During Lenin's final illness, Zinoviev, his close associate Kamenev and Joseph Stalin formed a ruling Triumvirate (also known by its Russian name Troika) in the Communist Party, playing a key role in marginalization of Leon Trotsky. According to political scientist, Michael Reiman, Zinoviev was unable to assert a dominant position in the party on his own and that position passed onto Stalin.[15]

The triumvirate carefully managed the intra-party debate and delegate-selection process in autumn 1923, during the run-up to the XIIIth Party Conference, and secured the vast majority of the seats. The Conference, held in January 1924 just before Lenin's death, denounced Trotsky and Trotskyism. Some of Trotsky's supporters suffered demotion or reassignment in the wake of his defeat, and Zinoviev's power and influence seemed at its zenith. However, as subsequent events showed, his real power base was limited to the Petrograd/Leningrad Party organization, while the rest of the Communist Party apparatus came increasingly under Stalin's control.

After Trotsky's defeat at the XIIIth Conference, tensions between Zinoviev and Kamenev, on the one hand, and Stalin on the other became more pronounced and threatened to end their alliance. Nevertheless, Zinoviev and Kamenev helped Stalin retain his position as General Secretary of the Central Committee at the XIIIth Party Congress in May–June 1924 during the first Lenin's Testament controversy.

After a brief lull in the summer of 1924, Trotsky published Lessons of October, an extensive summary of the events of 1917. In the article, Trotsky described Zinoviev's and Kamenev's opposition to the Bolshevik seizure of power in 1917, something that the two would have preferred left unmentioned. This started a new round of intra-party struggle, with Zinoviev and Kamenev once again allied with Stalin against Trotsky. They and their supporters accused Trotsky of various mistakes and worse during the Russian Civil War. They damaged his military reputation so much that he was forced to resign as People's Commissar of Army and Fleet Affairs and Chairman of the Revolutionary Military Council in January 1925. Zinoviev demanded Trotsky's expulsion from the Communist Party, but Stalin refused to go along at that time and skillfully played the role of a moderate.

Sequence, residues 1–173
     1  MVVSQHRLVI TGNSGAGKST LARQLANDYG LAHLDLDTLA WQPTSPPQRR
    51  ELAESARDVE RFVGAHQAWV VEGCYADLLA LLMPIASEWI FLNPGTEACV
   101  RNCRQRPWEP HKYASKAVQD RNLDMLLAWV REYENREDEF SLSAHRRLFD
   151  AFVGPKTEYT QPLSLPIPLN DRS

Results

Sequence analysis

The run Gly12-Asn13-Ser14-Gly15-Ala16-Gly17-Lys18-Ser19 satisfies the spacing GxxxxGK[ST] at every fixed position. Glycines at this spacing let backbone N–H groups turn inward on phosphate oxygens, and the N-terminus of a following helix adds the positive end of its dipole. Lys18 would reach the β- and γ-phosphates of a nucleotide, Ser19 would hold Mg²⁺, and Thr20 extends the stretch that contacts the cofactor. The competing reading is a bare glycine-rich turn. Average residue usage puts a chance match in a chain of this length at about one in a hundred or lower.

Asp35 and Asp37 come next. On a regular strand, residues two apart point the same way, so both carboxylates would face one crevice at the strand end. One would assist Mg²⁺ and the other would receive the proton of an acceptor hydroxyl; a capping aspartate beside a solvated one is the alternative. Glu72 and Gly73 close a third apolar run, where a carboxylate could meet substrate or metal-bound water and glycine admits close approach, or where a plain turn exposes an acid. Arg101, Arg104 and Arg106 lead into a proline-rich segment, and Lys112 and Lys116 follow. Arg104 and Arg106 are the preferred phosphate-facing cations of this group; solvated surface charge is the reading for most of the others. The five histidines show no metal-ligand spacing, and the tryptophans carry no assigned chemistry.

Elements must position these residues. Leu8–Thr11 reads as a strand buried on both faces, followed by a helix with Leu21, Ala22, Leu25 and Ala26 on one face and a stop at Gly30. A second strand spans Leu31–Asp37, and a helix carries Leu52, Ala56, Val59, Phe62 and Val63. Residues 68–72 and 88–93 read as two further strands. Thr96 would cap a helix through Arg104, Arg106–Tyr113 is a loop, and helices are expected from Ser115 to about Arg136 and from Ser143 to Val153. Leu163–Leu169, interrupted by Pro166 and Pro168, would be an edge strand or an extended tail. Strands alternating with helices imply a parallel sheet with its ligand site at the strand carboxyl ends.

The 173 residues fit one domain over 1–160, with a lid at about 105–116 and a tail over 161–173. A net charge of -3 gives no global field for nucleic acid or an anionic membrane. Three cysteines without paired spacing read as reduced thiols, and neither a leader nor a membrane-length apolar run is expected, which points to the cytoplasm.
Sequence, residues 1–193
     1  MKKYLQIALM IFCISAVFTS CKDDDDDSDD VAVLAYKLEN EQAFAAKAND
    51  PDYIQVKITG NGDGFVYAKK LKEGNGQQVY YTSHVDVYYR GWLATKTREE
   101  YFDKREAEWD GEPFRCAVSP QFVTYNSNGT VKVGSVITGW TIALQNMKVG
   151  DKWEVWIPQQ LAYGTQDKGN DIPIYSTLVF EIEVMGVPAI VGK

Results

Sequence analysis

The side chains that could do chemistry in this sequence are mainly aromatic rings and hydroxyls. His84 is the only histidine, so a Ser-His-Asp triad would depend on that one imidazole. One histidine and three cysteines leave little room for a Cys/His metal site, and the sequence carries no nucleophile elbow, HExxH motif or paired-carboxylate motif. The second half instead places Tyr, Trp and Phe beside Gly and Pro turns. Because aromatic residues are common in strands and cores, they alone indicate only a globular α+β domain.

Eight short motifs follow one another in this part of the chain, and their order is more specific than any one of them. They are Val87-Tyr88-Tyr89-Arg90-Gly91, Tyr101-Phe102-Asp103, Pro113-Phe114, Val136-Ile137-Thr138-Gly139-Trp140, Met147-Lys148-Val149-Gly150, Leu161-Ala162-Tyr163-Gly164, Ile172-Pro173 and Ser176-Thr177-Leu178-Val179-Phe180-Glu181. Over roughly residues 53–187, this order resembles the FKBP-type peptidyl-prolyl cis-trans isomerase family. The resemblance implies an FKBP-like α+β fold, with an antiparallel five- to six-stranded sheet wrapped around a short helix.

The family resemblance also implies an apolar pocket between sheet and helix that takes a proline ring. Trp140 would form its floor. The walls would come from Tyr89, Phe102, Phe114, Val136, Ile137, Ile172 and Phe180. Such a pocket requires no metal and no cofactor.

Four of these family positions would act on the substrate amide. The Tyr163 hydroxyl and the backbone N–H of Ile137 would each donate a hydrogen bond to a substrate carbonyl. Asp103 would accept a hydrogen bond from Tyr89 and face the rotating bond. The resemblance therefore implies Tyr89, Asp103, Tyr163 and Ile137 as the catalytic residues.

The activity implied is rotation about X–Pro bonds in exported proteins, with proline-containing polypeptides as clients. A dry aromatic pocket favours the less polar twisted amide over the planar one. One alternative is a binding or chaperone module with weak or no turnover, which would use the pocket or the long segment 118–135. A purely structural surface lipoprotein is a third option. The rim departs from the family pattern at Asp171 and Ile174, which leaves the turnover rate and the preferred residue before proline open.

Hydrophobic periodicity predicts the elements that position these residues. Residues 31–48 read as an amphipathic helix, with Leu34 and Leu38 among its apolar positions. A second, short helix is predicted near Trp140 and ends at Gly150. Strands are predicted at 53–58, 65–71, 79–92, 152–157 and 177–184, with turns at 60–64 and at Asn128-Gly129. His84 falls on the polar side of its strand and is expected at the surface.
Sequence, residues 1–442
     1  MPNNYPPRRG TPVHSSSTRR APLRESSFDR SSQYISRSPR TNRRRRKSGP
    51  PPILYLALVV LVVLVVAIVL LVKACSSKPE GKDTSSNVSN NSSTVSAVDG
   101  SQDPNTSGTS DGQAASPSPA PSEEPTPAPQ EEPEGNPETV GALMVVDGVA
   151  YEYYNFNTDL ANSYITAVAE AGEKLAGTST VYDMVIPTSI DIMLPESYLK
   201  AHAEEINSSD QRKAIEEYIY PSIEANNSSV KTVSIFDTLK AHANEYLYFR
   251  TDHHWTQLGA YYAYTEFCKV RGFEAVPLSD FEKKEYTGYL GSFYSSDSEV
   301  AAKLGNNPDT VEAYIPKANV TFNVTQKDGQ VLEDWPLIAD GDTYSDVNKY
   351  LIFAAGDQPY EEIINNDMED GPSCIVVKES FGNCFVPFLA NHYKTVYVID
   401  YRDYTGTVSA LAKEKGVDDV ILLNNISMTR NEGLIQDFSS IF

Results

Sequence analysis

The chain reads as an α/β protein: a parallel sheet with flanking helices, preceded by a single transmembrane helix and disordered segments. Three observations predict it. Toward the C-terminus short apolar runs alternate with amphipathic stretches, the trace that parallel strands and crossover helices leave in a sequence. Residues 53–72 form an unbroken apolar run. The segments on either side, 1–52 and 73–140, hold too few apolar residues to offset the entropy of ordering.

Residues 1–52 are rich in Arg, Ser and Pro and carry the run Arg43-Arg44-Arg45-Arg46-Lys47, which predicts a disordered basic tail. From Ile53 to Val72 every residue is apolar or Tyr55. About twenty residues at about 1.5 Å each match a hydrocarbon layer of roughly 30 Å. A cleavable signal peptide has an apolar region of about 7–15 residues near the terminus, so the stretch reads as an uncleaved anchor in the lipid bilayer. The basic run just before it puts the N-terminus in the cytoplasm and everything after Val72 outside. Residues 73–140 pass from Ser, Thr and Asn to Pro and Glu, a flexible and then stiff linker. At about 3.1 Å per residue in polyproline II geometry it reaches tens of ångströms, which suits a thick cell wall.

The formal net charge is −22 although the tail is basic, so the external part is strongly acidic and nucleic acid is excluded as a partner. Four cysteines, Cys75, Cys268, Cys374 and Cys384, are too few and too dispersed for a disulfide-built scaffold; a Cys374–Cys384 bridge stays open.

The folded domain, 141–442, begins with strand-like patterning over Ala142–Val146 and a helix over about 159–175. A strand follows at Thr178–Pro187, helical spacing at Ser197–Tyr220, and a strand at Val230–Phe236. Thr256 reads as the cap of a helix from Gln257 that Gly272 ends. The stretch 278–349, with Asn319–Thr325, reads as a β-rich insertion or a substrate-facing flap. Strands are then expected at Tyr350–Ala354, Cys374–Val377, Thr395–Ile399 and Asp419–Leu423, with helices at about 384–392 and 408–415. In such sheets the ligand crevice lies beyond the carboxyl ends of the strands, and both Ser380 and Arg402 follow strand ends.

Kliment Voroshilov (first on the right), Grigory Zinoviev (third from the right), Avel Enukidze (fourth from the right) and Nikolai Antipov (fifth from the right), June 1924

Break with Stalin (1925)

With Trotsky finally on the sidelines, the Zinoviev-Kamenev-Stalin triumvirate began to crumble early in 1925. The two sides spent most of the year lining up support behind the scenes. Stalin struck an alliance with a Communist Party theoretician and Pravda editor Nikolai Bukharin and Soviet prime minister Alexei Rykov. Zinoviev and Kamenev allied with Lenin's widow, Nadezhda Krupskaya, and Grigory Sokolnikov, the Soviet Commissar of Finance and a non-voting Politburo member. The struggle became open at the September 1925 meeting of the Central Committee and came to a head at the XIVth Party Congress in December 1925. With only the Leningrad delegation behind them, Zinoviev and Kamenev found themselves in a tiny minority and were soundly defeated. Zinoviev was re-elected to the Politburo, but his ally Kamenev was demoted from a full member to a non-voting member and Sokolnikov was dropped altogether, while Stalin had more of his allies elected to the Politburo. Within weeks of the Congress, Stalin wrested control of the Leningrad party organization and government from Zinoviev and had him dismissed from all regional posts, leaving only the Comintern as a possible power base for Zinoviev.

According to Rogovin, Zinioviev would later lambast Stalin with the words, "Does comrade Stalin know what gratitude is?", as a reminder that Kamenev and himself had saved him from political downfall with the censure of Lenin's testament during the Thirteenth Congress. Stalin responded with the words: "But of course I know, I know very well - it's an illness that afflicts dogs".[16]

With Trotsky and Kamenev against Stalin (1926–1927)

During a lull in the intra-party fighting in the spring of 1926, Zinoviev, Kamenev and their supporters gravitated closer to Trotsky's supporters and the two groups soon formed an alliance, which also incorporated some smaller opposition groups within the Communist Party. The alliance became known as the United Opposition. In May 1926, Stalin, weighing his options in a letter to Vyacheslav Molotov, directed his supporters to concentrate their attacks on Zinoviev since the latter was intimately familiar with Stalin's methods from their time together in the triumvirate. Following Stalin's orders, his supporters accused Zinoviev of using the Comintern apparatus in support of factional activities (the Lashevich Affair) and Zinoviev was dismissed from the Politburo after a tumultuous Central Committee meeting in July 1926. Soon thereafter the office of the Comintern Chairman was abolished, and Zinoviev lost his last important post.